This article describes the inactivation of Lactobacillus plantarum by pulsed electric fields (PEF) in a microfluidic reactor. The microreactor has the specific advantage that the field intensity can be extremely high with accurate control and measurement of the pulse shape, combined with good temperature controllability. It is demonstrated that the temperature increase due to the ohmic heating of the fluid during treatment is marginal, thereby making this an excellent device for decoupling the temperature and electric field effects of PEF. Flow cytometry measurements showed that the electroporation of cells by PEF is a gradual effect. Reducing the pulsewidth at equal energy inputs did not show a change in inactivation. Higher temperatures showed higher inactivation rates. The effect of the temperature and the electric field strength could be described by a model that combines an Arrhenius equation for temperature dependency with either a Huelsheger or an activation energy based model for electric field dependency.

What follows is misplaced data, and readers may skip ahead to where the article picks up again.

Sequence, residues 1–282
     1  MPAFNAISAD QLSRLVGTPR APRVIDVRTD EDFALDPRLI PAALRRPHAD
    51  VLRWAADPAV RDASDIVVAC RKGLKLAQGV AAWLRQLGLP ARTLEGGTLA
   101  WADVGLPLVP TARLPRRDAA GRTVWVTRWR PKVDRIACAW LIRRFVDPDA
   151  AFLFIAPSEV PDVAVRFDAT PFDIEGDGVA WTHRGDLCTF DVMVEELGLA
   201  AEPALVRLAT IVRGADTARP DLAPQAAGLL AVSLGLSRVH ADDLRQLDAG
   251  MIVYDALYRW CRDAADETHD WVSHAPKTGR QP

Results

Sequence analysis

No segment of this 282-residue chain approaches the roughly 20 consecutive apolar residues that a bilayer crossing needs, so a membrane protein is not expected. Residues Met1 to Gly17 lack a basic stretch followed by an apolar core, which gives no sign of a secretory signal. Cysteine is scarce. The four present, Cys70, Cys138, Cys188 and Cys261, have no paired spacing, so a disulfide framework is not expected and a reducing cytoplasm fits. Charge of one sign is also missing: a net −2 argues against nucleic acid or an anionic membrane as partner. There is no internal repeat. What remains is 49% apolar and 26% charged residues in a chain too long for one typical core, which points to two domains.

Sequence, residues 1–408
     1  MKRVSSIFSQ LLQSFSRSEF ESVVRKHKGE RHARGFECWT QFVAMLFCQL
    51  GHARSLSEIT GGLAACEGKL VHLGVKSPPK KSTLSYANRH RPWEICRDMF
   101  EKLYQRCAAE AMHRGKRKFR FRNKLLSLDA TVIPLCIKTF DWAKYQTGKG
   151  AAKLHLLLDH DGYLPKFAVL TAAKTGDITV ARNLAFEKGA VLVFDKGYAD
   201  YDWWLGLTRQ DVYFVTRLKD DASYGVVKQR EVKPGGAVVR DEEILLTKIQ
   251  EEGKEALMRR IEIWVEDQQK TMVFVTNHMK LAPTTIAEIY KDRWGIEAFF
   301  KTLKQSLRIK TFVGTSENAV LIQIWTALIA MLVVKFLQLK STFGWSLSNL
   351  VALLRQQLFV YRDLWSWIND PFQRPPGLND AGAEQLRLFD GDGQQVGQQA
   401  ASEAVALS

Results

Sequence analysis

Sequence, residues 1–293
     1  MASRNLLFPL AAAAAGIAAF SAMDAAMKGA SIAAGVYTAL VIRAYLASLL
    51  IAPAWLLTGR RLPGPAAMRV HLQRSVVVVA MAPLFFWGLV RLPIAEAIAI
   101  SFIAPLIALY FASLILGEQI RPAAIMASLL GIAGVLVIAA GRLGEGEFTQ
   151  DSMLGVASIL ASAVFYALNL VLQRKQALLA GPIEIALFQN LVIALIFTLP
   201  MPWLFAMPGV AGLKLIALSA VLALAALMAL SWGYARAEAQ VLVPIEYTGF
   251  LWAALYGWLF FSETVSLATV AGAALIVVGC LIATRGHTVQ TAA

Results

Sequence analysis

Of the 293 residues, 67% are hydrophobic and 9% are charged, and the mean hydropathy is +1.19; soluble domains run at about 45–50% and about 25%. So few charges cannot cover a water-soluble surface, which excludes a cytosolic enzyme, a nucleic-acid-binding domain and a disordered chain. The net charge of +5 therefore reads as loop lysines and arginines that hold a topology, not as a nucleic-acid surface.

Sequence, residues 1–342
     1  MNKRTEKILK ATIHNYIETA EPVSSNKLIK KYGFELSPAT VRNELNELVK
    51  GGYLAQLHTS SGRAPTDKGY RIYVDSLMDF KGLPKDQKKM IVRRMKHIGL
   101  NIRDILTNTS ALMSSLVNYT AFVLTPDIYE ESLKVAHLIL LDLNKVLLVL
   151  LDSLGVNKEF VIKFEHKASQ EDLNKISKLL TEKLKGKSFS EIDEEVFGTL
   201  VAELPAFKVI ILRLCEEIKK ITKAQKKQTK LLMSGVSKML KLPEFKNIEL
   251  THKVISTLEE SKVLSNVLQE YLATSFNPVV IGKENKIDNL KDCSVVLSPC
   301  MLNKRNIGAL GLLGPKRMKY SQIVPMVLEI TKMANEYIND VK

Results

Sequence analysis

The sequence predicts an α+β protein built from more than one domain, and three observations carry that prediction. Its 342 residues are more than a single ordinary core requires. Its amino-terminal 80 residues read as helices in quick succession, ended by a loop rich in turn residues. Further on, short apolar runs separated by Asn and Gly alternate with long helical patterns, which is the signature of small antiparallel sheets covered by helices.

- electric-field treatment